What good is sitting alone in your chair?

Posted: September 11, 2012 in Theatre & Event Reviews and Interviews
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Sexy, dirty, malicious, gentle, conniving, beautiful and tragically flawed almost sums up the complex personalities in this flirty production with a big heart.


I have always enjoyed Kander and Ebb’s music and lyrics, but it’s the storyline that still fascinates me after all these years.

At Berlin’s bohemian Kit Kat Club the opportunistic performers find it never too late in the evening to turn a trick and make a buck. They girls are saucy and the men sleek and sly as the Emcee shrieks, “the audience is beautiful. Even the orchestra is beautiful!” The champagne and money flows and the nights are silky and sensual. The music is loud. Life is great. But something is very wrong. The Weimar Republic is crumbling. The Nazi movement is bubbling up like a stinking mud that will eventually swallow all their hopes and dreams. A couple’s long-awaited love is ripped apart. A girl falls from grace and a writer’s fantasies lies in tatters.  Sounds a bit heavy but it’s mostly fun and games.

Samantha Peo is the beautiful boozy Kit Kat Club singer, Sally Bowles, who falls in and out of mens’ beds as she nurtures her fear of her fading looks in a world where it is truly everything to a working girl. Peo is grace and tragedy personified and she is perfect for this role. She portrays Bowles’ multi-faceted character skilfully. And she can sing.

I last saw her in the production of Chicago for which she won a Naledi. She is a skilled performer and singer. Her beautiful figure and face is utilised to its fullest glory by costume designer, Neil Stuart-Harris. Her outfit changes are plentiful and each one more rich and silky and gorgeous to look at. In fact the entire cast looks delicious in satin, blood-red silks, black lace, virginal white bloomers, and lots of leather and straps and stockings.

All except for Bryan Hiles, Clifford Bradshaw, the hapless writer is dressed in a dull as dishwater suit describing his character’s state of mind and position in life. He is poor, shy and nervous, until he meets the characters of the Cabaret.  Hiles’ performance is great and he brings a bit of stability to Peo’s outrageous character, but not for long.

The Emcee is all leather and whips, oozing sexuality, leery sneers and cynicism: wonderfully portrayed by Sascha Halbhuber.

The sub-plot involving a love affair between Fräulein Schneider, Charon Williams-Ros, an older woman who runs the boarding house that Cliff and Sally live in, and Herr Schultz, Peter Court, an elderly Jewish fruit shop owner, threatens to steal the limelight, this despite their minor roles and far more subdued characters. Both portray the doomed relationship with heartbreaking honesty.  Court’s, It Couldn’t Please Me More, or as I call it, The Pineapple Song, is so utterly charming in that lovely gentlemanly way of long ago.  Williams-Ros too has a beautiful voice.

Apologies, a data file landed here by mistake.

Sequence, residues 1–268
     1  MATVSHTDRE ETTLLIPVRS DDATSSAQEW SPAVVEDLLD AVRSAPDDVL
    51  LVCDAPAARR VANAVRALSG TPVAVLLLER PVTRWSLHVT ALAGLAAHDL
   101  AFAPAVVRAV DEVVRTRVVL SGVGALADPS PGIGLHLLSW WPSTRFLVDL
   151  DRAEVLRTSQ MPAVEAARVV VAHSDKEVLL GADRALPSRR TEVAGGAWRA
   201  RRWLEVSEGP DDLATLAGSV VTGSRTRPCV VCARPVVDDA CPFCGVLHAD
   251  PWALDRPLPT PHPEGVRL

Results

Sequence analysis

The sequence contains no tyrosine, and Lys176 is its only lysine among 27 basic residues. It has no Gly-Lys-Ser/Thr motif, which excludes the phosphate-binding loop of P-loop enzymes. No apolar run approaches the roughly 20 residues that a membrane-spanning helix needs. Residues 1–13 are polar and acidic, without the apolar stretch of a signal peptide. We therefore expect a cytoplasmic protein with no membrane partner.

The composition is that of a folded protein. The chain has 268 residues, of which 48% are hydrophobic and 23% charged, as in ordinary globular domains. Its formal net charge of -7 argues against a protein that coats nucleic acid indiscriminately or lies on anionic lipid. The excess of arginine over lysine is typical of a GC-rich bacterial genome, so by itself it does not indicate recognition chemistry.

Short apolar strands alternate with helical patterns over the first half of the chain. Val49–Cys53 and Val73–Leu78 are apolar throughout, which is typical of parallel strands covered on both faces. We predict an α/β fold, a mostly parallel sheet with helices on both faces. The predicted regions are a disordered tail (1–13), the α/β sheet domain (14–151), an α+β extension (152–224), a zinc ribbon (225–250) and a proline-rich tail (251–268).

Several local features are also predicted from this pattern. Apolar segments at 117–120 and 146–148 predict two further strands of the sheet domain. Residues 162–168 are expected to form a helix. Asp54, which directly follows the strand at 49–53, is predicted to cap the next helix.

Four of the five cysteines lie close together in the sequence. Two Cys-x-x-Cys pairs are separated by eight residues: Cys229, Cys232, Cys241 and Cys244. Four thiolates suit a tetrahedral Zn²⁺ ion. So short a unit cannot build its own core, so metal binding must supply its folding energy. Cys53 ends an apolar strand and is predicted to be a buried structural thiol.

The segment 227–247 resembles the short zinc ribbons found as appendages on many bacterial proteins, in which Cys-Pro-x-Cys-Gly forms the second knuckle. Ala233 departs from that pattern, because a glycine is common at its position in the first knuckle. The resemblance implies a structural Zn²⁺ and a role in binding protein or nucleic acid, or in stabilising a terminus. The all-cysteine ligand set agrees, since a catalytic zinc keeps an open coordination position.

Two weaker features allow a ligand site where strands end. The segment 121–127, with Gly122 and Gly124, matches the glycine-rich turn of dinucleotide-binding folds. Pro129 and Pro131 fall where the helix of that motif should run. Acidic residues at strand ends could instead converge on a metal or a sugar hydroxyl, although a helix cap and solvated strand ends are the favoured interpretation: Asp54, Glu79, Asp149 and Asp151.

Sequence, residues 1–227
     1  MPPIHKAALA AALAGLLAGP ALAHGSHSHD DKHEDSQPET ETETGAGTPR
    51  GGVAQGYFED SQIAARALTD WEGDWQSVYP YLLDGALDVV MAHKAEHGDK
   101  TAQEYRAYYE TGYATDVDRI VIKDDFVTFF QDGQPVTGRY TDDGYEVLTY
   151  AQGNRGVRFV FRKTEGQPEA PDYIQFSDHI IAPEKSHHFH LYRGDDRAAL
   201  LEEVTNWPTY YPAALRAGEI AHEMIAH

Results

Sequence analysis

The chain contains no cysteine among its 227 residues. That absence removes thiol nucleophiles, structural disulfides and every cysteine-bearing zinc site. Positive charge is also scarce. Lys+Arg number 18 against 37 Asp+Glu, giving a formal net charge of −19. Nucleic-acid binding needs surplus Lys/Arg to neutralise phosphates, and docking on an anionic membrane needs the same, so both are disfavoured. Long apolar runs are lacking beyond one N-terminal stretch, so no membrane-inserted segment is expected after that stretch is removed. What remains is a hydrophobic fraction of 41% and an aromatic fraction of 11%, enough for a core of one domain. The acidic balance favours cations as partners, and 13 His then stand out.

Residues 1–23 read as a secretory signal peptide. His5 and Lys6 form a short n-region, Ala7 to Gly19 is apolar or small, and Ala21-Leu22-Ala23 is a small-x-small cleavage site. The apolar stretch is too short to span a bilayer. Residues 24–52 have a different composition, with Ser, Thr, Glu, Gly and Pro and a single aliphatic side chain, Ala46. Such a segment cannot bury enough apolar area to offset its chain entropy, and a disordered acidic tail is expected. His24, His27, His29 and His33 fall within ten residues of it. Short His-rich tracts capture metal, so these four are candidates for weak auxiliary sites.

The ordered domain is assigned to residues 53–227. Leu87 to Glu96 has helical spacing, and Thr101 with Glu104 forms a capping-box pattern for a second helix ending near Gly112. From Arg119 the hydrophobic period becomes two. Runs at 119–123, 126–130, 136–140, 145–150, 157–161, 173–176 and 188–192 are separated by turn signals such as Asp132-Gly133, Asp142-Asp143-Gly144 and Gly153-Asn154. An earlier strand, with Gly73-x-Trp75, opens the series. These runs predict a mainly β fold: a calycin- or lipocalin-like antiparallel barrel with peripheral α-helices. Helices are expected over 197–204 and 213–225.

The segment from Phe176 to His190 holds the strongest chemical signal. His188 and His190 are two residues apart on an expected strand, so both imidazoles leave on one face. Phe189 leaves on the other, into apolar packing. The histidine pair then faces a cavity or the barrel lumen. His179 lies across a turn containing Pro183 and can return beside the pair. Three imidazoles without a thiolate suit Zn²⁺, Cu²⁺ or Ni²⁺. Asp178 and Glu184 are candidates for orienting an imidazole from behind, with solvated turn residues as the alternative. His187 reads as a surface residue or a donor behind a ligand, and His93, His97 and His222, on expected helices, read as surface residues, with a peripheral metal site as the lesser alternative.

Lyle Buxton as the German, who later reveals himself as a wicked Nazi, is very engaging and a reminder of how charismatic the Nazi’s were in order to convince the country that they only want what is best for all. And he can sing!


Kate Normington as the conniving but cute prostitute that loves to tease Fräulein Schneider is fun to watch.

The song-and-dance routine with a girl in a gorilla suit, If You Could See Her.’ is funny and touching as it concludes with a strong message, ‘if you could see her through my eyes… she wouldn’t look Jewish at all’.

Then there is the dirty, sexy, raunchy Kit Kat girls whom you just can’t take your eyes from.

And the live orchestra truly is just the cherry on top of a rambunctious and highly entertaining show.

A criticism would be that at times the cast were perhaps directed, or felt influenced, to turn up the snarls and ugly side of their personalities. At times this leads to peculiar and ugly sneers that continue for just a little too long. It is understandable that this is done to reveal the ugliness lurking beneath the surface, however this at times feels overly exploited, and over the top. Even when Peo sang the much-awaited Cabaret, it felt just a little over-dramatised.

The final rendition of Willkommen is loud and wonderful and despite it being quite a long production I felt reluctant to leave the seedy underbelly of the Kit Kat Club.  I highly recommend this if you need a break from reality and if you’re in the mood for a spectacularly entertaining visual and aural extravaganza.

Bookings are through  www.computicket.com.

CABARET, Directed by Steven Stead. Musical Direction by Evan Roberts and Justin Southey. Set Design by Greg King. Costume Design by Neil Stuart-Harris. Choreography by Janine Bennewith. Lighting Design by Tina le Roux. Sound by Mark Malherbe. Starring Sascha Halbhuber, Bryan Hiles, Samantha Peo, Charon Williams-Ros, Peter Court, Lyle Buxton, Kate Normington, Duane Alexander, Reg Hart and Malan le Roux. Marleé van de Merwe, Jodie Renouf, Londiwe Dhlomo, Suzzi Swannepoel and Carmen Pretorius. At Theatre on the bay until 23 September or 6 October at varied times.   Review by ASTRID STARK


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